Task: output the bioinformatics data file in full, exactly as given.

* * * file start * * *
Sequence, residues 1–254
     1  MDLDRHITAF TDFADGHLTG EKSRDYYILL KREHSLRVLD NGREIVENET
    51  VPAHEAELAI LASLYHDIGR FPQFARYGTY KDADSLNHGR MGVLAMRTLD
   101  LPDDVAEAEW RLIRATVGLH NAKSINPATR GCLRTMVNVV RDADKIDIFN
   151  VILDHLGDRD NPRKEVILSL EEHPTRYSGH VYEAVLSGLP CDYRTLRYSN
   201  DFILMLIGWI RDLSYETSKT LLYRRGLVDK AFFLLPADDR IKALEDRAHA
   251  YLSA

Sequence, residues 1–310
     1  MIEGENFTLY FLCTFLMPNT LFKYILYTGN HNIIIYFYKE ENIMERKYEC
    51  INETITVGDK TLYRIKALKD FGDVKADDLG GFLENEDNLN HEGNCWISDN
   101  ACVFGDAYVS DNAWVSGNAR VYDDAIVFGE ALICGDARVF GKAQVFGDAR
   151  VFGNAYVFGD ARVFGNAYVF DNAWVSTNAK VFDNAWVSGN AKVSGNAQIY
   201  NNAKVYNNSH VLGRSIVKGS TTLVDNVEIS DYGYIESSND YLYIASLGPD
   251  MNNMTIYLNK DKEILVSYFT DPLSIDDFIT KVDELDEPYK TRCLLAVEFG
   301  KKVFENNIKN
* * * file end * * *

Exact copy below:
Sequence, residues 1–254
     1  MDLDRHITAF TDFADGHLTG EKSRDYYILL KREHSLRVLD NGREIVENET
    51  VPAHEAELAI LASLYHDIGR FPQFARYGTY KDADSLNHGR MGVLAMRTLD
   101  LPDDVAEAEW RLIRATVGLH NAKSINPATR GCLRTMVNVV RDADKIDIFN
   151  VILDHLGDRD NPRKEVILSL EEHPTRYSGH VYEAVLSGLP CDYRTLRYSN
   201  DFILMLIGWI RDLSYETSKT LLYRRGLVDK AFFLLPADDR IKALEDRAHA
   251  YLSA

Sequence, residues 1–310
     1  MIEGENFTLY FLCTFLMPNT LFKYILYTGN HNIIIYFYKE ENIMERKYEC
    51  INETITVGDK TLYRIKALKD FGDVKADDLG GFLENEDNLN HEGNCWISDN
   101  ACVFGDAYVS DNAWVSGNAR VYDDAIVFGE ALICGDARVF GKAQVFGDAR
   151  VFGNAYVFGD ARVFGNAYVF DNAWVSTNAK VFDNAWVSGN AKVSGNAQIY
   201  NNAKVYNNSH VLGRSIVKGS TTLVDNVEIS DYGYIESSND YLYIASLGPD
   251  MNNMTIYLNK DKEILVSYFT DPLSIDDFIT KVDELDEPYK TRCLLAVEFG
   301  KKVFENNIKN